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'Every woman dreads getting period symptoms when they're not expecting them,' said Alisha Coleman, 'but I never thought I could be fired for it.' It's not a legal question often asked, but Coleman should know better than most. She was fired from a 911 call center in Georgia, allegedly after experiencing heavy menstrual symptoms related to the onset of menopause while at work.

With help from the American Civil Liberties Union, she is now suing her former employer, the Bobby Dodd Institute, for gender discrimination. "I don't want any woman to have to go through what I did," Coleman stated.

The majority of employment arrangements are at-will, meaning either the employer or employee can end the employment for whatever reason or no reason at all. But there are some reasons an employer can't use to fire you. For instance, you can't be fired for reporting workplace safety or wage and hour violations. You also can't be fired solely based upon your race, national origin, gender, or religion.

But what about your religious wear? We know that many employers have dress codes -- does that mean they can force you to remove a religious garment like a hijab, temple garment, or yarmulke?

You've probably seen it on a restaurant receipt if you've dined out in a large group: an automatic gratuity charge. Normally reserved for parties of eight or ten or more, the mandatory gratuity (or "forced tipping" for the less generous) is generally around 18 percent of the total bill and has become a staple in the restaurant industry.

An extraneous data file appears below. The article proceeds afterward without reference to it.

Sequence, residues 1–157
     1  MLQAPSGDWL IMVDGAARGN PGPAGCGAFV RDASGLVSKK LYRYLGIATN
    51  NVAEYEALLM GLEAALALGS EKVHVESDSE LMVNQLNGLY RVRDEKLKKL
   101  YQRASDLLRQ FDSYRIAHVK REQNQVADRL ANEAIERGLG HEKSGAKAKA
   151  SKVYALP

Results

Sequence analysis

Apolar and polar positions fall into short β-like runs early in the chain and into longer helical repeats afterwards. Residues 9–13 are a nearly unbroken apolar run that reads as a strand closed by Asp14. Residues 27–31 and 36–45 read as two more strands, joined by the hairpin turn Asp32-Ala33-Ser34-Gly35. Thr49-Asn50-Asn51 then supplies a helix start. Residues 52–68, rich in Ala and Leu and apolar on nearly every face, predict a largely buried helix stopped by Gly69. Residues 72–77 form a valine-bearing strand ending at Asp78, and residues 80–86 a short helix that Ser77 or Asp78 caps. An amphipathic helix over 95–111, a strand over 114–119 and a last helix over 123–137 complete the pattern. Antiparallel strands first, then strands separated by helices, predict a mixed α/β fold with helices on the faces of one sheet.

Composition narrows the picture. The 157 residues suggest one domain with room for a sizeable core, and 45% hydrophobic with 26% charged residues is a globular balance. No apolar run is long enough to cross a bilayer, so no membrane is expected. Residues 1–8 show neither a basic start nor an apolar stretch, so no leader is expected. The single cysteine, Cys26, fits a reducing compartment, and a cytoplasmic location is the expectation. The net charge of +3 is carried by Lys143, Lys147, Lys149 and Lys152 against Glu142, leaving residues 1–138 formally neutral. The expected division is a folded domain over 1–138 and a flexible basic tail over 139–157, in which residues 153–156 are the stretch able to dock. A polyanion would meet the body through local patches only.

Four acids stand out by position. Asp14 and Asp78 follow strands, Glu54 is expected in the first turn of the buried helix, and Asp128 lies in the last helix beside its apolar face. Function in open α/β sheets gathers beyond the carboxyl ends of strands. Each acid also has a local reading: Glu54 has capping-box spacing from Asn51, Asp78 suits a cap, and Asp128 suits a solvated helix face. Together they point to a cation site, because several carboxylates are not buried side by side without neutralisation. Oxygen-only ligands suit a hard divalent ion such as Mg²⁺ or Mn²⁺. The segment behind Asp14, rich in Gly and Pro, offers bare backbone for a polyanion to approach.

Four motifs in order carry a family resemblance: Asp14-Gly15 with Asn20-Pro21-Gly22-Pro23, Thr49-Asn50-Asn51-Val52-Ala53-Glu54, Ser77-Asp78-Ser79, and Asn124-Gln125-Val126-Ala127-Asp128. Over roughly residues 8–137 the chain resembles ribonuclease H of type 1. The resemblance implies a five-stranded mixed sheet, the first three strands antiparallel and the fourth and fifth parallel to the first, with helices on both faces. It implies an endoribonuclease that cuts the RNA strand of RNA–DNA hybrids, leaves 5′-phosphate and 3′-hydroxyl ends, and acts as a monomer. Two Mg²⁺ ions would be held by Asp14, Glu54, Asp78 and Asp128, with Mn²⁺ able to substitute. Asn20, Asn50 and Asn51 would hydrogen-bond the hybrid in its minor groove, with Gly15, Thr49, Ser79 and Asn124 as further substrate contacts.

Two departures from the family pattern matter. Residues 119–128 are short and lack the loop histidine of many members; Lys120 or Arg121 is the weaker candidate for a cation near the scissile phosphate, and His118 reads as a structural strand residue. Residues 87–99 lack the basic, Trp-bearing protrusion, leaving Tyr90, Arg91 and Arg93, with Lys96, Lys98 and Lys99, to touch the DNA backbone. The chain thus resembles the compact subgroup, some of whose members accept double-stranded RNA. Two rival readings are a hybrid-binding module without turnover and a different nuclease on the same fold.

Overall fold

And, according to a recent USA Today account, it's becoming more prevalent on cruise ships as well. But are automatic gratuity charges legal? And are those tips really going to crew members, "in recognition of their service?"

Although science tells us that hugging and the human touch are essential for proper human development, in the workplace, supervisors, managers, and even co-workers that give hugs are playing with fire. This is due to the fact that employees may be too timid, or even just afraid, of telling a superior that a hug, or other form of touching, like a pat on the back, is unwanted.

Whether a hug will constitute sexual harassment really depends on the circumstances. Both perspectives, of the hug giver and receiver, matter, but the receiver's view is much more important. If a person is hugged despite objecting, then it will be considered an unwanted touching to which individuals do not have to submit. Also, when a hug goes on for longer than a second or two, or includes rubbing or patting, it will be much more likely to be considered sexual harassment regardless of a hug giver's intent.

Summer is officially upon us. And if your teen hasn't gone out and gotten a summer job yet, what are they waiting for? Time is running out to get them off the couch and out into the real world, where they can learn valuable life lessons of punctuality, diligence, and hard work, and maybe make their own spending money for a few months.

And while teenagers will be, for the most part, treated like adults in the workplace, there are a few legal ins and outs of hiring teenagers, being a working teen, and seasonal employment. Here's a look:

Being fired from a job can be rather upsetting. When a termination is based upon a person's weight or size, it could very well be discriminatory.